[MS]: So you want to burn more calories when you’re sitting down doing nothing so that you don’t have as many to get rid of when you’re actively exercising.

[CA]: That’s right. When you are doing aerobic activity, you are increasing your metabolic rate. However, you go back to the same resting metabolic rate when you stop exercising. Your resting metabolic rate is directly related to how much muscle mass you have. As you get older, if a natural part of aging is losing muscle, your resting metabolic rate drops and you can’t eat the same number of calories that you did when you were younger.

[MS]: So, you burn more calories the more muscle you have; and you burn less calories, the more proportion of fat you have.

[CA]: That’s right.

[MS]: So, as you’re losing muscle, you’re burning fewer calories in an inactive state. What can you can do to help make more muscle, besides weight lifting or other things, resistance training as you talked about. What are some tips that people can use?

[CA]: Make sure when you are doing resistance exercise training, part of what happens is you injure the muscle, and in order for the muscle to be built and get stronger and bigger, you need to provide the building blocks to that muscle – amino acids that are found in good protein that contains all of amino acids. You find that in meat, fish, poultry, eggs, skim milk, cheese and dairy products, and yes some plant product as well, however it’s harder to get the complete amino acids in those plant products.

Soy is very good, yes; so soy milk, if you can’t drink regular milk and you don’t want to drink whole milk with the fat so you want to drink skim milk. In my book, I give you tips on how to get the protein to your muscles when they need it and this has been backed up by studies that have been done by researchers showing that a protein supplement before and after you work out can get the protein to your muscles when they need it.

[MS]: So if you just do a plank, which is an exercise where you lie on your side with your feet and your elbow on the ground and lift your hips up and hold it, you’re doing resistance. When I do those, a minute seems like forever. It doesn’t have to be running the Boston Marathon. And you’re saying that a little bit of a protein shake or some kind of a protein rich supplement is a good thing to have maybe before and after and your muscles are more receptive to incorporating that into them.

[CA]: That’s right. And those protein shakes as smoothies can be satiating so that they can serve as a meal replacement, if you need to lose weight. So, in addition to building back your muscle, you’re going to lose fat and you’re going to lose as little muscle with that fat as possible because you’re taking in that protein.

How much protein you need a day, is in my book, it’s also based on all of the studies that we did and we’ve come up with 1.5 grams per kilogram of body weight a day that you need. So, if you’re a 70-kilogram male or female, you need about 100 or so grams of protein.

[MS]: Well, if you figure there are 454 grams in a pound, 100 grams is about a quarter of a pound of protein; so you don’t need to have a great big rib-eye steak. A quarter of a pound of high quality of protein, is really all you need.

[CA]: People as they get older, especially women, lose their taste for protein especially animal protein, so it becomes a concern if you’re eating a lot of carbs and you’re not eating as much protein. That can be a problem because if you’re also trying to lose weight, you’re then going to lose muscle as well as fat. And as you’re losing bone because of your menopause, it could be this vicious cycle that I was talking about earlier. So that’s why it’s very important.

[MS]: I have a lot of patients who have had gastric bypass surgery. A lot of them have learned to cheat on and they end up getting their weight back. For those who have had some kind of a stomach operation, are there some nutrition tips that would be helpful for them to get the right kinds of foods?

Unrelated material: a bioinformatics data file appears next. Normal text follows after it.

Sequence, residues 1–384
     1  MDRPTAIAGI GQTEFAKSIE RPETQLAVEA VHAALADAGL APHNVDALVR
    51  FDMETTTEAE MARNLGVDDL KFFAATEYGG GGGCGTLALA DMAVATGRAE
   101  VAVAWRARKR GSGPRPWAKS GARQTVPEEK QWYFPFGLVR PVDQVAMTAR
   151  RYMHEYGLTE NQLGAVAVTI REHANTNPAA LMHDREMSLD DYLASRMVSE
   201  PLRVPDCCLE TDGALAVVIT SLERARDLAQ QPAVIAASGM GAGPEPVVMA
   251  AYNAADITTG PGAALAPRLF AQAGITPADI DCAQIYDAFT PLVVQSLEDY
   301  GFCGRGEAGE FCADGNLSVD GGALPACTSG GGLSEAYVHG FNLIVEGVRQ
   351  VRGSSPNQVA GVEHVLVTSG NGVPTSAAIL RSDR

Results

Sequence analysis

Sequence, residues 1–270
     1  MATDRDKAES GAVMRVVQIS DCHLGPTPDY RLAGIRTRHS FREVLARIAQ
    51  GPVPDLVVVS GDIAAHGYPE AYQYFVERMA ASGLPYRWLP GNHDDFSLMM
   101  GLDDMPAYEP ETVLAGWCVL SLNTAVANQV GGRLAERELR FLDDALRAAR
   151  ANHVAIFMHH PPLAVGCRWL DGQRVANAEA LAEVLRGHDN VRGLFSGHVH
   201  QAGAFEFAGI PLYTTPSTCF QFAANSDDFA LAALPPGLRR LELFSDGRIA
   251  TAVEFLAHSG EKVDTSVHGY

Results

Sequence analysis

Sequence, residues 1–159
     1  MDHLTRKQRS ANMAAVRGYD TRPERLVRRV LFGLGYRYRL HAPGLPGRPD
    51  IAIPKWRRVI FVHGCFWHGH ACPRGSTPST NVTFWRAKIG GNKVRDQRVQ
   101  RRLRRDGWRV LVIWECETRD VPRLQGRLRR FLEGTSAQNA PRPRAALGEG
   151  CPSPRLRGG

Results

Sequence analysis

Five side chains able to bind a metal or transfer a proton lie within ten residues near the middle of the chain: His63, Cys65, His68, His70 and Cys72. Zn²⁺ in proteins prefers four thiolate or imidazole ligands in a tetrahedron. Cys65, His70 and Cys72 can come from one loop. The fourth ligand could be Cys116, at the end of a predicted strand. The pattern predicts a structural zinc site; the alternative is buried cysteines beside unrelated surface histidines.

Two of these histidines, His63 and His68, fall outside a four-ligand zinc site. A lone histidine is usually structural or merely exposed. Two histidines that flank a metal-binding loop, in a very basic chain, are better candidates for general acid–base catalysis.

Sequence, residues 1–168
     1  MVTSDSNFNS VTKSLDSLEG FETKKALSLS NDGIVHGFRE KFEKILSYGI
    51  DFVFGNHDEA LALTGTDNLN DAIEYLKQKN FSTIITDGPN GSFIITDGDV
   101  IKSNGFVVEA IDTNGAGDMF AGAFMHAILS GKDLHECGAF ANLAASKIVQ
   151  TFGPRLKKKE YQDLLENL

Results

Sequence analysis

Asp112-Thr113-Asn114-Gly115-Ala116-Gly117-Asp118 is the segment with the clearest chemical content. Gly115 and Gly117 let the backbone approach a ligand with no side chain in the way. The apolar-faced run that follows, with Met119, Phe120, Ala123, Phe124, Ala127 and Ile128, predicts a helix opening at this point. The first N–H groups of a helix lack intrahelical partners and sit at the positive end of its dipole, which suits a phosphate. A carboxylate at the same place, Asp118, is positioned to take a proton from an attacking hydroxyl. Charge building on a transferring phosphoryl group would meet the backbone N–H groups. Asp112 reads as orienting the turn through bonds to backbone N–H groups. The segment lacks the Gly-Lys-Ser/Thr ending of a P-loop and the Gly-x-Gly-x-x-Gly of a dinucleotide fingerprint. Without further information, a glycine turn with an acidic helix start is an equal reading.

[CA]: Yes. It depends on the procedure that they’ve had, but the most common operation is still the Roux-En-Y gastric bypass. You’re bypassing some of the intestine; you’re making the stomach a lot smaller than it used to be. Some of these patients have trouble with protein. They can have bread, they can have milkshakes, for example, but chewing and getting down steak and chicken and fish becomes problematic. They don’t have enough time for their gastric juices to digest it.

As they’re losing the weight, they are losing fat but they’re losing protein and they’re at risk for malnutrition, both because not enough protein being taken in, but also because of the vitamin and mineral deficiencies that could be problematic because you’re bypassing part of the intestine. For those patients, we highly recommend supplements, protein supplements that can go down easily without regurgitation, without nausea; then they’re getting their protein. So, a protein powder that you can mix with either skim milk or soy milk, frozen fruit to make it tasty, and then you could stick in your vegetables in there and you won’t even taste the kale that you put in there and it becomes a smoothie that’s appealing taste-wise, and also gives you the protein that you need.

[MS]: Those are some good pointers there. One other question that I have for you is the with aging, the stomach gets a little bit less acidic, and because of that, it doesn’t absorb calcium as well and a lot of people lose bone mass because they don’t absorb calcium. Are there any tips for absorption of calcium at a better rate?

[CA]: This is also true with our gastric bypass patients, same situation. So, we recommend to those patients taking calcium in the form of calcium citrate. First of all, that can be found over the counter; also, taking calcium on an empty stomach. And then this is also true not only of calcium but iron. If you take iron, you want to make sure that you take in iron that’s more highly absorbed, and that’s iron combined with vitamin C.

[MS]: Is vitamin C making the stomach more acid, or is it doing something else?

[CA]: The vitamin C somehow improves the absorption of the iron.

[MS]: Her latest book is called The Age-Defying Diet: Outsmart Your Metabolism to Lose

Dr. Caroline Apovian is Professor of Medicine and Pediatrics, in the Section of Endocrinology, Diabetes and Nutrition, at Boston University School of Medicine. She is also Director of the Center for Nutrition and Weight Management at Boston Medical Center and a national and international authority on obesity, weight control, nutrition. Her latest book is called The Age-Defying Diet – Outsmart Your Metabolism To Lose Weight.

You can follow her on Dr. Apovian on Facebook or on the web at www.drapovian.com